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Advertiser laid out the potential products along the line of the Alabama Midland. They detailed Southeast Alabama’s “vast forests of yellow pine,” and gave a county-­by-­county survey of the agricultural practices of obscure Alabama counties from the iron ore deposits in Butler County to the yellow pine of Covington County.69 ­These accounts all speak to how the railroad network compelled structure, standardization, and commodification. Trains required flat surfaces, manageable grades of elevation, and a clear path, and the accouterments of a railroad—­watering stations, depots, loading docks, and more—­similarly needed to fit a certain form. As railroad systems grew larger and larger, sprawling interstate companies could hardly tolerate local idiosyncrasies. For the sake of simplicity, and for more efficient construction, many companies applied a standardized design for passenger depots. This geography created by the railroad took a familiar form no m ­ atter where it went. Even t­ oday, a driver in the rural South can easily spot a town built by the railroad by a distinctive cluster of older buildings, usually a depot and other businesses, along a faded rail corridor.70 As the railroad prospectuses demonstrate, the harvesting of resources also took on a predictable configuration. Camps for producing turpentine or for logging had to be marked off by corporate territories and spaced out in an efficient manner. As work progressed on new lines, the b­ attle to impose this structure on nature certainly evoked military meta­phors. Graves next moved to the Delta to work on a line between Vicksburg and Memphis, where he and his fellow workers quite literally ­were at war with the environment. Major Wilson, the man in charge, ­later recalled the enormous difficulties his construction crews faced. The country north of Vicksburg was “almost a wilderness in 1882,” subject to the whims of the Mississippi River. Yearly floods and levee breaks periodically cut off pro­gress, and Wilson noted “over many miles it seemed as if the foot of man had never trod. It was nothing in the world but a canebrake and a wilderness.”71 Conditions along the GS&F, and the wide-­open Georgia Wiregrass, ­were not nearly as formidable, but building crews did encounter some difficulty. Thirty-­two miles south of Macon, the line passed through a deep cut of soft limestone, and a force of hands labored “night and day” for fifteen days to dig through the rock.72 Even once the line opened, this spot was trou­ble, as e­ very time it rained heavi­ly the embankment caved in and covered the track.73 The Blue Ridge Mountains, which stretch from Mary­ land to Georgia, formed perhaps the most prominent natu­ral barrier in the region. The Western North Carolina Railroad fi­nally succeeded in crossing this impediment in the 1880s, and promotional material touted both the “cu-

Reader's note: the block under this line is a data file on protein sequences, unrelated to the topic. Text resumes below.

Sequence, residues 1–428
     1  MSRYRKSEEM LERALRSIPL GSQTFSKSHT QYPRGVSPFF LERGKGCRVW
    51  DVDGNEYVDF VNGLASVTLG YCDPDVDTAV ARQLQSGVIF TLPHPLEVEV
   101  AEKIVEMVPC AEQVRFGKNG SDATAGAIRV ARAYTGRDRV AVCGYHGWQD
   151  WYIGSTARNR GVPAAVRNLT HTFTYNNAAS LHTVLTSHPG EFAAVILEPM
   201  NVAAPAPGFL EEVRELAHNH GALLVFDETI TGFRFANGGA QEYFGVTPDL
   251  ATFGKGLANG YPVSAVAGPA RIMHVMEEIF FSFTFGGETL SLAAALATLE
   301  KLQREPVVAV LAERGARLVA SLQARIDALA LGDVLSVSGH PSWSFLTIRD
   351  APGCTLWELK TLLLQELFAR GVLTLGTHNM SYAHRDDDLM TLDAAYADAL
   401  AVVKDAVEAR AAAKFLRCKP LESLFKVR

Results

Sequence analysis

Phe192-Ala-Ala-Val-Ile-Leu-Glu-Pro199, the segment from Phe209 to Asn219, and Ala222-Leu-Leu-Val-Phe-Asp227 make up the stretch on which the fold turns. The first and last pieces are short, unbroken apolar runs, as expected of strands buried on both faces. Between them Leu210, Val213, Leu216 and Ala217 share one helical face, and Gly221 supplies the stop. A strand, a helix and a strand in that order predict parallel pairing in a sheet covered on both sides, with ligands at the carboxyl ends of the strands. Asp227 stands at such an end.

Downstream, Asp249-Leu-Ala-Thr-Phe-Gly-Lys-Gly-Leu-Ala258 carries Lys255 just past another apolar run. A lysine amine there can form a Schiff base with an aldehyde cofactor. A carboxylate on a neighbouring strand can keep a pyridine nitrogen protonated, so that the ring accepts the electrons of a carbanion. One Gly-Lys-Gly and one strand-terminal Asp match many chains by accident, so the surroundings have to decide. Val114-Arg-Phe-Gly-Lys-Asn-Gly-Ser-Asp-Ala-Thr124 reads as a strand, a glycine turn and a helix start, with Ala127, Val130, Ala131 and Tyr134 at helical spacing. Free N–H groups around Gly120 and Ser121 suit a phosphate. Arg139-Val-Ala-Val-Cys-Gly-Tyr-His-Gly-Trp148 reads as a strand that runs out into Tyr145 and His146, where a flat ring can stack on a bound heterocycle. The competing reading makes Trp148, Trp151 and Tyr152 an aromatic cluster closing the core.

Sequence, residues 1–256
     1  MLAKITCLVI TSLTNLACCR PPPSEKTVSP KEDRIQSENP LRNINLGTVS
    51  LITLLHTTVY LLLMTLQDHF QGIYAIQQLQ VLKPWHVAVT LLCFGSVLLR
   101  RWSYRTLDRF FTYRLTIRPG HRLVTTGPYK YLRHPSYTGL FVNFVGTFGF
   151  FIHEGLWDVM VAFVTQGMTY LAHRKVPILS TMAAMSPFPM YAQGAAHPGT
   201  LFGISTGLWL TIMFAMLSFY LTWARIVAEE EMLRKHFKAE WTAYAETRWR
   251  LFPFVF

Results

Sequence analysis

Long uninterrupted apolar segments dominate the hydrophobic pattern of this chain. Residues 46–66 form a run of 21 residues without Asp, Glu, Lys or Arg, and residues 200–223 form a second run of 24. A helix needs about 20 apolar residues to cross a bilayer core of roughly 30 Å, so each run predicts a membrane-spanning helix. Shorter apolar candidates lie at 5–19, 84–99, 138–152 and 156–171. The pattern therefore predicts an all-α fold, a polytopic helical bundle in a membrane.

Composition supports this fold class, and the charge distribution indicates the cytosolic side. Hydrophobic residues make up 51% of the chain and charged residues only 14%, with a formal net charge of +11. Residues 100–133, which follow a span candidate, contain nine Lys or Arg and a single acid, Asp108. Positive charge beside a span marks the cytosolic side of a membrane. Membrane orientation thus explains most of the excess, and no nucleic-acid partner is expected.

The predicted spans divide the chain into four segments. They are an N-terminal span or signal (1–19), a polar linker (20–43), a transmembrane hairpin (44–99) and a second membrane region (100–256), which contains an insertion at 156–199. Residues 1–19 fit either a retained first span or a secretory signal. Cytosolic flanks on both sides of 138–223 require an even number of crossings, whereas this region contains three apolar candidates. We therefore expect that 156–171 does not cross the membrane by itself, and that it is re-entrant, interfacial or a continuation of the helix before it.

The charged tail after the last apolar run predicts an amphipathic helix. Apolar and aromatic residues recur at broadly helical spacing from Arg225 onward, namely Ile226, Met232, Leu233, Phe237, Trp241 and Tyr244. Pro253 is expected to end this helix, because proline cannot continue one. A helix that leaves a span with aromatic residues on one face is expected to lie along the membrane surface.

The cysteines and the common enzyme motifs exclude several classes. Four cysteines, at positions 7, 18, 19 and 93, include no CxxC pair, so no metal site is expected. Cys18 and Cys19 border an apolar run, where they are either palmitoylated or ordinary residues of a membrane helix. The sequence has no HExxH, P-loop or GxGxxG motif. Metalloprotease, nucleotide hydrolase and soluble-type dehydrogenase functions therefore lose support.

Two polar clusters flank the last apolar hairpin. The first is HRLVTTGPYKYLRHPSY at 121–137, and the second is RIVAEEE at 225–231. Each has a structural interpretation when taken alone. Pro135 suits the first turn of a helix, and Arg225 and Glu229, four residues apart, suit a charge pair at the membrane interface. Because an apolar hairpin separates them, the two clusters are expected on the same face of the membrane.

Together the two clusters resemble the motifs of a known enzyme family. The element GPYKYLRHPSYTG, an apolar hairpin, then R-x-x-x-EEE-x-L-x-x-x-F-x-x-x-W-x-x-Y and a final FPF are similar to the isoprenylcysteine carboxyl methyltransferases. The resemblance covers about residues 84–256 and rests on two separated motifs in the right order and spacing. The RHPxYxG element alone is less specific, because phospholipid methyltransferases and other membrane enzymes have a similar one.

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rious curves, embankments, cuttings and tunnels” in the picturesque mountain region, and the “boldest strokes of engineering in this country” that allowed it to be built.74 Even ­after ­these railroads ­were completed, the imposition of capitalism’s geography on the surrounding territory also was a strug­gle. Deep into the nineteenth ­century, large portions of the southern countryside remained an open range. Wild hogs, the descendants of pigs that escaped from Spanish conquistadors, roamed wild, and a vast forest of longleaf pine stretched up the Atlantic coast from Florida to V ­ irginia. The South lagged b­ ehind the Northeast in closing off ­these areas, much to the chagrin of antebellum agricultural reformers and antebellum travelers who constantly complained about the ramshackle nature of the landscape, but to the delight of poor whites and blacks, who could use t­ hese common areas to supplement their meager farm production. Roaming hogs made excellent meals, as evidenced by the spread of pork barbecue traditions, and open-­range forests gave nearby residents access to hunting, fishing, and gathering. The Civil War also helped render disarray in the countryside. Livestock died by the millions from disease or combat, and marching armies trampled fences or harvested them to build breastworks or build fires.75 The rapid advance of the railroad was, along with the war, a turning point in the ­battle between order and chaos in the southern landscape. States gifted vast tracts of land to railroad companies to help encourage development, and ­these companies naturally sought profitable development on the land along their lines. Moreover, a newly built railroad inevitably carried a lot of debt and held the hopes of investors for profit, and the best way to make up this debt was to haul commodities from the area around the line. So if an area had good soil, a familiar agricultural landscape emerged. The amount of cotton cultivation in the South increased dramatically when railroads penetrated new areas. Other areas w ­ ere locked into the production of certain cash crops, such as melons in parts of south Georgia or oranges in Florida.76 Railroads through the South’s longleaf pine forests usually led directly to a proliferation of turpentine camps and lumbering operations.77 The Richmond & Danville Railroad’s exhibit at the exposition was sure to remind visitors that “four-­ fifths of the lines traversed by t­ hese roads is still in forests, and t­ hese include all the best woods common to the section.”78 If ­there is any common denominator to ­these vari­ous forms of economic activity, they all inspired fencing and the marking off of land. Though the results varied by landscape and environment, a new railroad invariably led to a more capitalistic use of space in the area in which it moved,